Ultimately these women are all complexed whether they are a fairy, witch, or human leader in their community because, just like for viewers there’ll always be an aftermath to good, or bad decision making. We can make good and bad decisions but that doesn’t make us completely good or bad. It makes us susceptible to a cost.


Augustine, Afiya. “Why I still mourn the terrible way ‘True Blood’ ended.” Syfy, SYFY WIRE, 29 Aug. 2017,

Neumark, Selena. “Why CW’s ‘The 100’ Is a Feminist Dream, Except for When It’s Not.” PopMatters, PopMatters, 10 Nov. 2017,

Neumyer, Scott. “How ‘True Blood’ Lost Its Bite.” Rolling Stone, Rolling Stone, 19 June 2014,

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Siegemund-Broka, Austin. “’True Blood’ Finale Recap: How Every Character Ended the Series.” The Hollywood Reporter, 24 Aug. 2014,

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Shonda Rhimes Brings us Down to Earth with series Grey’s Anatomy

If you watch Grey’s, and you have made it to season 14 then you know all too perfectly well that each episode thoroughly demonstrates the complexities of life through the use of patients and doctors. At the beginning and end of each episode, we are comforted with words of wisdom. However, if that does not wow you enough, it’s the single, important message we receive from each episode about ourselves, life, work, and others.


It is next to painful to see these episodes unfold over the timeline in which they fall, as we learn to know patients with all sorts of cases, and the doctors we learn to love who mature into the people they are suppose to be. Shonda seemingly connects these cases to the doctors who create the overall theme, and are in some way tied to those very patients. As a basic human being, I cannot move forward with life without thinking back to these episodes for many reasons. Grey’s Anatomy mirrors real life in an almost blunt way. We worry about the simple, ordinary, casual present. As human beings I believe we very little often think about tomorrow, the future. One of the reasons why I personally think this is true is because, we do not want to come to terms with that. The very thought that our lives started a minute ago and will eventually end is brutal. Grey’s Anatomy reminds us that life is temporary no matter if we ignore or accept it.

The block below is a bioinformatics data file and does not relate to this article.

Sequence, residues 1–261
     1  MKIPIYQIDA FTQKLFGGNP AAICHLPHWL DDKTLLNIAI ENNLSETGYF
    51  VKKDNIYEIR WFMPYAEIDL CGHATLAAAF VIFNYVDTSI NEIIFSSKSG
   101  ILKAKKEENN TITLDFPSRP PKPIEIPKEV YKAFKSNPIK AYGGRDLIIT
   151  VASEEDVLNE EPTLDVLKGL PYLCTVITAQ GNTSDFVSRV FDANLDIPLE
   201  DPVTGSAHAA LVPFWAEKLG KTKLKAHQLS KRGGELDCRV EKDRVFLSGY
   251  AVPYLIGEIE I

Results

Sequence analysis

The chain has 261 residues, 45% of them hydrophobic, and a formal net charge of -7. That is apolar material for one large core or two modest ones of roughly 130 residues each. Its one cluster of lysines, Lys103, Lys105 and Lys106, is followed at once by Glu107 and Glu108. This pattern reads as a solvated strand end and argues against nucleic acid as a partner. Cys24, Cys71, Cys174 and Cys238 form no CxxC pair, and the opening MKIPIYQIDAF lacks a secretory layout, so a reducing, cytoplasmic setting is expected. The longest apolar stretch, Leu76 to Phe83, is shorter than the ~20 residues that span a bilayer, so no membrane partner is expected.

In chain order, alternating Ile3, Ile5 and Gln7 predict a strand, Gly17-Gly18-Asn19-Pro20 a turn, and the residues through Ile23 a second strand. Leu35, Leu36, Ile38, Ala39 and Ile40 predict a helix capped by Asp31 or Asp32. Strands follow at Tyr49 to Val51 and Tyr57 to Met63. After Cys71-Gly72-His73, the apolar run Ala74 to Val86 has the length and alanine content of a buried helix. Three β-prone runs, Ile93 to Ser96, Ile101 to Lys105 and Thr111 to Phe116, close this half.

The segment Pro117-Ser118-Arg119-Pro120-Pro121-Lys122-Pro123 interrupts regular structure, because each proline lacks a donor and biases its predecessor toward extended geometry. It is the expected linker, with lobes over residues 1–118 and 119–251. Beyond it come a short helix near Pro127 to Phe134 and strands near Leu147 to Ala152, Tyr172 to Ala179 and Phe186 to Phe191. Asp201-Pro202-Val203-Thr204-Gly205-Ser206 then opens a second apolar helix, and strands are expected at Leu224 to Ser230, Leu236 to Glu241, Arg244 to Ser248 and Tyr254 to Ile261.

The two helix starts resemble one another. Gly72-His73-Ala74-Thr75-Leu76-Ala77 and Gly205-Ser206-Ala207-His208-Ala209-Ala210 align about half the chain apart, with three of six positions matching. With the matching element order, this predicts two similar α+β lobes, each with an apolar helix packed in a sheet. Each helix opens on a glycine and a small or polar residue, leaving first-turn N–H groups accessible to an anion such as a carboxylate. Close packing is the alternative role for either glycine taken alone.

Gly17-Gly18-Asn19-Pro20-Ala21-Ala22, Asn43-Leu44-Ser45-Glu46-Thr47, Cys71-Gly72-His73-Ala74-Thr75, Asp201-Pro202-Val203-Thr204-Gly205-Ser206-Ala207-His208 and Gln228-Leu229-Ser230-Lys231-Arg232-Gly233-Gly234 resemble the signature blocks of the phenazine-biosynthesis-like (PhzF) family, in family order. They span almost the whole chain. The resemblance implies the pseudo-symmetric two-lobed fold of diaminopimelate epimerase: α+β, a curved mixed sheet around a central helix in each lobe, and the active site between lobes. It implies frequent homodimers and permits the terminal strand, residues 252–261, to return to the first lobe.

One of the very aspects I like about this show is that we see so many minor and major flaws in each of the characters. This aspect alone makes the show so relatable. Meredith and her past and her uncertain journey towards Alzheimers is frightening. Derek and Amelia Shepard, whom both lost their father. The secrets buried between Richard Webber and Ellis Grey created much confusion and havoc for not only them but others… and many other characters that exist in the world of Grey’s face some sort of conflict.

On that note, Grey’s Anatomy is going into its 14th season, and after 12 years of seeing the developments of plots and characters form, I believe that Grey’s Anatomy mirrors mortal struggles in reminding us that time always wins whether we like it or not. The moments we take for granted have meaning. We make mistakes along the way, and then later wish we had taken the time to make those better choices.




Big Little Lies review

Warning: may contain spoilers!

From the moment the series begins they foreshadow the ending of the limited series by telling us that the fundraiser for the local elementary school in Monterey, CA has gone horribly wrong — that someone is dead. The series starts out as a thriller, with comedic humor. We see unique, isolating, dark moments surrounding almost every main character that is introduced to us. The compulsive, perfectionist wife Madeline Mackenzie, the controlled, and abused wife Celeste, and the fragile, victimized wife Jane Chapman. These female characters produce compelling performances that keep audiences wondering who, and most importantly why?


Each Sunday, the limited series delivered these compelling performances in the same way that pieces make up a puzzle. The audience is constantly in this position where they receive limited, signigifcant information that could otherwise be used to target just about anyone as suspect to committing a murder at one point or another. Even if some of their transgressions seem temporary, or come across as insignificant: the audience is still trying piece together each mom’s character in conjunction to their overall part within the mix of things happening within various plot points.